• Section 1: Basis of Imaging in the Electrophysiology Lab
1 Radiation Safety in the Electrophysiology Lab
2 How to Use Intracardiac Echocardiography to Reduce Fluoroscopy
3 How to Use Electroanatomic Mapping to Reduce Fluoroscopy
4 How to Use Technologies such as MediGuide and CARTOUNIVU to Reduce Fluoroscopy During Catheter Ablation
5 How to Obtain Central Vascular Access Using Real-time Ultrasound
6 How to Perform Transseptal Puncture Without Fluoroscopy
7 How to Maintain Safety With a Reduced Fluoroscopy Approach
8 How to Monitor Esophageal Temperature Without Fluoroscopy
• Section 2: Ablation of Supraventricular Tachycardia
9 How to Ablate Atrioventricular Nodal Reentrant Tachycardia Using No Fluoroscopy
10 How to Ablate Accessory Pathways Using No Fluoroscopy
11 How to Ablate Typical Atrial Flutter Using No Fluoroscopy
12 How to Ablate Atrial Tachycardia and Atypical Flutter Using No Fluoroscopy
• Section 3: Ablation of Atrial Fibrillation
13 How to Perform Radiofrequency Ablation of Atrial Fibrillation Using No Fluoroscopy
14 How to Perform Cryo-Balloon Ablation of Atrial Fibrillation Using No Fluoroscopy
• Section 4: Ablation of Ventricular Arrhythmias
15 How to Perform Premature Ventricular Complex Ablation Originating From the Right Ventricle and Right Ventricular Outflow Tract Using No Fluoroscopy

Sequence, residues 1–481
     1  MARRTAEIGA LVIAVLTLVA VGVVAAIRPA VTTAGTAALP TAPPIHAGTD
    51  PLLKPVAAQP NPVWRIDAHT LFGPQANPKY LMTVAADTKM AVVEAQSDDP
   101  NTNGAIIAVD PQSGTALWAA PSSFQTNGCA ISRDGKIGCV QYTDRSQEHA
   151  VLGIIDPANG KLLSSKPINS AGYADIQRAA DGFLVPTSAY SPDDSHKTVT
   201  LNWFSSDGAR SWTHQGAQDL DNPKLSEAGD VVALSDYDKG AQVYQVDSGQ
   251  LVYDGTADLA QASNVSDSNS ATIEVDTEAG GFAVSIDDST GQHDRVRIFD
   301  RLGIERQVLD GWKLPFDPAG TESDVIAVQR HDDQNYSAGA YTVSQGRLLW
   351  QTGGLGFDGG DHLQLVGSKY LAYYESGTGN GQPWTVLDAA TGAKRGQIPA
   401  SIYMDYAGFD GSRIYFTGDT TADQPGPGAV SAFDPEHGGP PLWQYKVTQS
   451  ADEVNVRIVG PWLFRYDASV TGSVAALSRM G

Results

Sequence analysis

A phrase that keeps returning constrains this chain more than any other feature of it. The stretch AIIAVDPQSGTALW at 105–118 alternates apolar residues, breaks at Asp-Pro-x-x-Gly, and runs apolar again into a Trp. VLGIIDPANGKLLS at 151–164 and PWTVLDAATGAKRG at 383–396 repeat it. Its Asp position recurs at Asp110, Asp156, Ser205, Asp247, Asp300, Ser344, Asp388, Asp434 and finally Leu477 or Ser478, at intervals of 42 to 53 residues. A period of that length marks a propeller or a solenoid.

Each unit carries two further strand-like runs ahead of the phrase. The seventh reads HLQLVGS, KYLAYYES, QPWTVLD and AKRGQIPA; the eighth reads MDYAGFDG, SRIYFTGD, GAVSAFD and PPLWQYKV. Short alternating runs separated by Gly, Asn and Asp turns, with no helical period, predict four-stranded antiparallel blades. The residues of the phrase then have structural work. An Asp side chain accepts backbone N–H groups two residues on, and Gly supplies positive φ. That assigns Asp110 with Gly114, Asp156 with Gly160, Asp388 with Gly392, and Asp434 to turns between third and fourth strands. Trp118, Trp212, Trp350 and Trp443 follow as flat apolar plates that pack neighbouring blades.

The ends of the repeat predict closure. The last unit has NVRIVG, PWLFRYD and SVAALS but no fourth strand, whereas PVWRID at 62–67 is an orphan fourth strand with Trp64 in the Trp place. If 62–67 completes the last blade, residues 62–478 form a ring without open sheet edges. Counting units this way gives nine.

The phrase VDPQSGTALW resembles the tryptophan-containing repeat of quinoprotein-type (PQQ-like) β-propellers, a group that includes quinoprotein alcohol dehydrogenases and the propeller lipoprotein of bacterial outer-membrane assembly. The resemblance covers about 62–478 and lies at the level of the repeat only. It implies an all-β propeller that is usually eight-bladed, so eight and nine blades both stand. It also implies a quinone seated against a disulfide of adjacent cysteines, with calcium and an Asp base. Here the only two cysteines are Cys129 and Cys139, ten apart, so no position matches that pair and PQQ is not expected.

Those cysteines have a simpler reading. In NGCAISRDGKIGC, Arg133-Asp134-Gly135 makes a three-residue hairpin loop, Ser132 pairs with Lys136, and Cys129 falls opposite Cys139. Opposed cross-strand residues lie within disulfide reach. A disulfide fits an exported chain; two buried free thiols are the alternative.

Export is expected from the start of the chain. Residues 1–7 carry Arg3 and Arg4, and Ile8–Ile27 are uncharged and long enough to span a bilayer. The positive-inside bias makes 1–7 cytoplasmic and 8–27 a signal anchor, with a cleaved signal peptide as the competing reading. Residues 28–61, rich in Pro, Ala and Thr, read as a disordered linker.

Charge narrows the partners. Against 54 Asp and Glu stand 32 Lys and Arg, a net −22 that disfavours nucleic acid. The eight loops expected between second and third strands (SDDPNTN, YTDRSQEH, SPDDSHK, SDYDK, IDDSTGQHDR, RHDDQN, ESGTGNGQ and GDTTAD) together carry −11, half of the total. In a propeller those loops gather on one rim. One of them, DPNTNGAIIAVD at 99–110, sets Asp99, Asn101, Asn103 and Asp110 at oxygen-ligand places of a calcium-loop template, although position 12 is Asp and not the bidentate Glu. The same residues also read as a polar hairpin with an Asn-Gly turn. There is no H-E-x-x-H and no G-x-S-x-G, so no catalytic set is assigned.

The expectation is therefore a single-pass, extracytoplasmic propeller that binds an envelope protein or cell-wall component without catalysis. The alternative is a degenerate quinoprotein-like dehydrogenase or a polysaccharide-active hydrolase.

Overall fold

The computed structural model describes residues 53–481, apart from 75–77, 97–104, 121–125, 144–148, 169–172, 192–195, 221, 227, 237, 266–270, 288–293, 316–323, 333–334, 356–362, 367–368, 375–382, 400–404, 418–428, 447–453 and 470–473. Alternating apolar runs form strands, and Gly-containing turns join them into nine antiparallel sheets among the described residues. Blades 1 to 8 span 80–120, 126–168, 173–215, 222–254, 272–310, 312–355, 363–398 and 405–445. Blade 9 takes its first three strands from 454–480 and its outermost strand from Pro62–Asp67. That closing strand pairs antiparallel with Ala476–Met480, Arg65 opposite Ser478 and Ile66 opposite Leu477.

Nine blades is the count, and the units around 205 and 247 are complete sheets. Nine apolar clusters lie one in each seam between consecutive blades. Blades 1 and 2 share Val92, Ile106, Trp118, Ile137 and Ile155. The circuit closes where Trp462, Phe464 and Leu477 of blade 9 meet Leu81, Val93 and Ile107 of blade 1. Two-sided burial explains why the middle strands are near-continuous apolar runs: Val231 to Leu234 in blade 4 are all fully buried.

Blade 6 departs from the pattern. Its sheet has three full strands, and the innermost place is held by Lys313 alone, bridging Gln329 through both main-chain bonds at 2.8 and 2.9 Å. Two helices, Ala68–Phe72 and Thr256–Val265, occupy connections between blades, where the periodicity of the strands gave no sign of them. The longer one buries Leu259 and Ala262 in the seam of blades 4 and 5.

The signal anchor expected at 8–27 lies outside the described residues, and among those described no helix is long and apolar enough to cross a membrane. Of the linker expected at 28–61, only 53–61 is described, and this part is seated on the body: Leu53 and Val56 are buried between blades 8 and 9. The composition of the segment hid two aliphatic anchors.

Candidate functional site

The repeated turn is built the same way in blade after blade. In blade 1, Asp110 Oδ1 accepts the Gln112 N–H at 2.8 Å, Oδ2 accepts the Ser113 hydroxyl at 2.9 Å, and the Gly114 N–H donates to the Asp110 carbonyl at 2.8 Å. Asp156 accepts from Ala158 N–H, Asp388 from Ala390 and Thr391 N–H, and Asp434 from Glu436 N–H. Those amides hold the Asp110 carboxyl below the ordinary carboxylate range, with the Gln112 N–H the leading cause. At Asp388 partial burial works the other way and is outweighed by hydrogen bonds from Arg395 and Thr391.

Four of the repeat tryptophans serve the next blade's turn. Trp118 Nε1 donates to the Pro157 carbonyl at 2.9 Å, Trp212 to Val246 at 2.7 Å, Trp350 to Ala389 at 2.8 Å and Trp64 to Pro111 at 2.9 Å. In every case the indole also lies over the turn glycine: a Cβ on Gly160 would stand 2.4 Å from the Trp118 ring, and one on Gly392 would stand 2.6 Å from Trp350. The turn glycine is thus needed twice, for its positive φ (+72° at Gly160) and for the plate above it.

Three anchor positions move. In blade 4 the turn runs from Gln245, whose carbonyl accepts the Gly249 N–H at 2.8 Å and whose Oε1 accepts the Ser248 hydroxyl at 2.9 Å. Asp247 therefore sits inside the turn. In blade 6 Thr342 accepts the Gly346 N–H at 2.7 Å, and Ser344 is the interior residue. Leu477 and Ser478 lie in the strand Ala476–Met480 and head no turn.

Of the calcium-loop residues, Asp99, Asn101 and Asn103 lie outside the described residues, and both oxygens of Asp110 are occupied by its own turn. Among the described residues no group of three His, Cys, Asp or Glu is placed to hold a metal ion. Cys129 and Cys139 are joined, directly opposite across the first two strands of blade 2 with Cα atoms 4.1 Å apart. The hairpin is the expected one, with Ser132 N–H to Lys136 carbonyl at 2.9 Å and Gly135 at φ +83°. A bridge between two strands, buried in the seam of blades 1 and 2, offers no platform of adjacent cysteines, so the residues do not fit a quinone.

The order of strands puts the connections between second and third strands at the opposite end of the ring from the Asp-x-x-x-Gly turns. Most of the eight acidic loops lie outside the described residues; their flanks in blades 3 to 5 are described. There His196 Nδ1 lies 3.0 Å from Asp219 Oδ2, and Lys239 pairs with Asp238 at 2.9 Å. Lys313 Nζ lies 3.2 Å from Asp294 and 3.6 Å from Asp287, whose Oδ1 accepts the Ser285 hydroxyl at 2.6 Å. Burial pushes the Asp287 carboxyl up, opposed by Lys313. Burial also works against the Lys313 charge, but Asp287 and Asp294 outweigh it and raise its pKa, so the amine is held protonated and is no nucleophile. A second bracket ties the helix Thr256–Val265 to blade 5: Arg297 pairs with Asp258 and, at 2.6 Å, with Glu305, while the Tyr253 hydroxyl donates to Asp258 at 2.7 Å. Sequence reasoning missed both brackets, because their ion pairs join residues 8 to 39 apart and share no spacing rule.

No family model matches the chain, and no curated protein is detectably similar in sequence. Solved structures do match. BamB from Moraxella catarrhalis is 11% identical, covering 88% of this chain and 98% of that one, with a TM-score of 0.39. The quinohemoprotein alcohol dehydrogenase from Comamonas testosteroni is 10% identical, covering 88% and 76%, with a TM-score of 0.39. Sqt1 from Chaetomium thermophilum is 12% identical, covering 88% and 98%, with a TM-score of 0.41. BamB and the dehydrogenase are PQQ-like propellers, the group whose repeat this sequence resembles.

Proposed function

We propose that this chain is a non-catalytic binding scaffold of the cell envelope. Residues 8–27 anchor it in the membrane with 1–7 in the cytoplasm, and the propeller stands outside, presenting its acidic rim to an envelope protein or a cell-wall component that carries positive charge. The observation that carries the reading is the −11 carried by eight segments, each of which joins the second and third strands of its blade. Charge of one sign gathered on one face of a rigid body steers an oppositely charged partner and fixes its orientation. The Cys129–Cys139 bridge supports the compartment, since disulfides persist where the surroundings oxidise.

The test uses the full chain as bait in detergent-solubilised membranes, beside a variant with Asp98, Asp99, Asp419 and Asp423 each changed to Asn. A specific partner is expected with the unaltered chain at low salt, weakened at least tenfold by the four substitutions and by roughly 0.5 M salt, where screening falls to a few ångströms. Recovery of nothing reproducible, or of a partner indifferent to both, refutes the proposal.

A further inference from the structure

16 How to Perform Ablation in the Coronary Cusps Using No Fluoroscopy
17 How to Perform Ablation of Premature Ventricular Complexes Originating from the Left Ventricular Outflow Tract Using No Fluoroscopy
18 How to Perform Papillary Muscle Premature Ventricular Complex Ablation Using No Fluoroscopy
19 How to Perform Ablation of Ischemic and Non-Ischemic Ventricular Tachycardia Using No Fluoroscopy
• Section 5: Special Populations
20 How to perform Catheter Ablation During Pregnancy: Special Considerations
21 How to Perform Catheter Ablation in the Pediatric Population Using No Fluoroscopy
Catheter ablation has become a widely used approach to treating various cardiac arrhythmias. Traditionally, catheter ablation procedures are guided by fluoroscopic imaging to help understand catheter position during mapping. The potentially significant exposure to radiation to the patient, physician, and staff increases risks of radiation exposure-related disease. Also, the protective lead garments worn increases risks of orthopedic injury. Current advanced electroanatomic mapping and intracardiac echocardiography technology have allowed the development of endocardial catheter ablation techniques without the use of fluoroscopy safely and effectively.
A host of expert and experienced authors present a practical overview of the rationale and methodology for a low- or zero-fluoro environment in the electrophysiology lab with the critical goal of significantly reducing radiation exposure to the patient, physician, and staff.
This practical guide:
• Covers the entire spectrum of commonly (and less commonly) performed ablation procedures via endocardial approach.
• Discusses general principles that are applicable across ICE and EAM platforms.
• Will assist the electrophysiologist and their team to safely and effectively work toward the significant reduction in fluoroscopy utilization while also likely improving procedural safety, i.e., fewer complications, after the adoption of these techniques.
• Includes a library of 50 videos, with 9 extended films (108 minutes) by Dr. Razminia detailing step-by-step procedures and techniques.